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One and two cent coins could disappear under EU plans
Eurozone small change has cost members of the single currency ?1.4bn (£1.18bn) more than the combined value of all one and two euro-cent coins minted since 2002.

The European Commission is now considering withdrawing the small copper coloured coins after concluding that minting them is loss-making activity because their face-value is less that the cost of production.

Since the introduction of the euro 11 years ago the eurozone member has issued more than 45.8 billion one and two cent coins, 137 coins per capita.

Officials note that public opinion is rather paradoxical, the coins are popular but there is evidence that they are not re-circulated, perhaps meaning there could be a eurozone dividend if penny jars were emptied.

They disappear into coin jars and get lost very easily, the commission concluded.

While people are attached to these small denominations they handle these coins as non-value items and do not re-circulate them in payment channels. The resulting high loss rate combined with the existence of psychological prices leads to an ever-growing demand for issuance of new small coins, which today represent nearly half of the coins in circulation.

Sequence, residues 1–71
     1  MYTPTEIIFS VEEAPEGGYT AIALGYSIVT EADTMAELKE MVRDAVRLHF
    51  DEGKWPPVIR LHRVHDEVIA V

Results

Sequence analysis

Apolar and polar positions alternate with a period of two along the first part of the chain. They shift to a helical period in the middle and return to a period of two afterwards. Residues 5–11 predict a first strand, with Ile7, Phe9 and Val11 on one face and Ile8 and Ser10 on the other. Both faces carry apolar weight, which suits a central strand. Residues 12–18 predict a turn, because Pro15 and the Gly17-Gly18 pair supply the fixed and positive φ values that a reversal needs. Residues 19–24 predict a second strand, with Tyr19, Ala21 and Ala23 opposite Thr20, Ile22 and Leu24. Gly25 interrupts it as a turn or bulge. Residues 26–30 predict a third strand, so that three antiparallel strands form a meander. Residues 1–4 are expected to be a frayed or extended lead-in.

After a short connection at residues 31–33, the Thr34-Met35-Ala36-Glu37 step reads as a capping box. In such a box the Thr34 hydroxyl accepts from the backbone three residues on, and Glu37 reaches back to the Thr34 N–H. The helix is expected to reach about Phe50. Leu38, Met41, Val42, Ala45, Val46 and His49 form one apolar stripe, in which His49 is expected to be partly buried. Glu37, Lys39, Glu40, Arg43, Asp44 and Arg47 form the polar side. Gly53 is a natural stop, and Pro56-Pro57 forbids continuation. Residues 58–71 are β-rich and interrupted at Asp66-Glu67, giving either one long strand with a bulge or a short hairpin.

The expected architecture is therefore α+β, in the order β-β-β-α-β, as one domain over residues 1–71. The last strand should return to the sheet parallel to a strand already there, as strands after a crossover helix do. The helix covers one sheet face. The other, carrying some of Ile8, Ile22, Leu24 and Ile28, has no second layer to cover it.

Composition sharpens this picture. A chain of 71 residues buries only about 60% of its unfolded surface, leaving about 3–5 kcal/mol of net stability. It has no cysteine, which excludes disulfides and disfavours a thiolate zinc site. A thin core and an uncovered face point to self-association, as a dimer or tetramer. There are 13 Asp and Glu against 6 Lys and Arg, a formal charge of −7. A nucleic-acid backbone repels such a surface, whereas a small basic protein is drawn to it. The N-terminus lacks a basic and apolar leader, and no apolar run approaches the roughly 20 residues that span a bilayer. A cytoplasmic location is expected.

The main obstacle to removing the coins from circulation is the concern that prices in shops would be rounded up rather than down fuelling inflation and growing popular hostility to the eurozone.

The commission is now consulting with eurozone governments and central banks about how to proceed with a quick or phased withdrawal the favoured options, combined with pricing rules to protect consumers.


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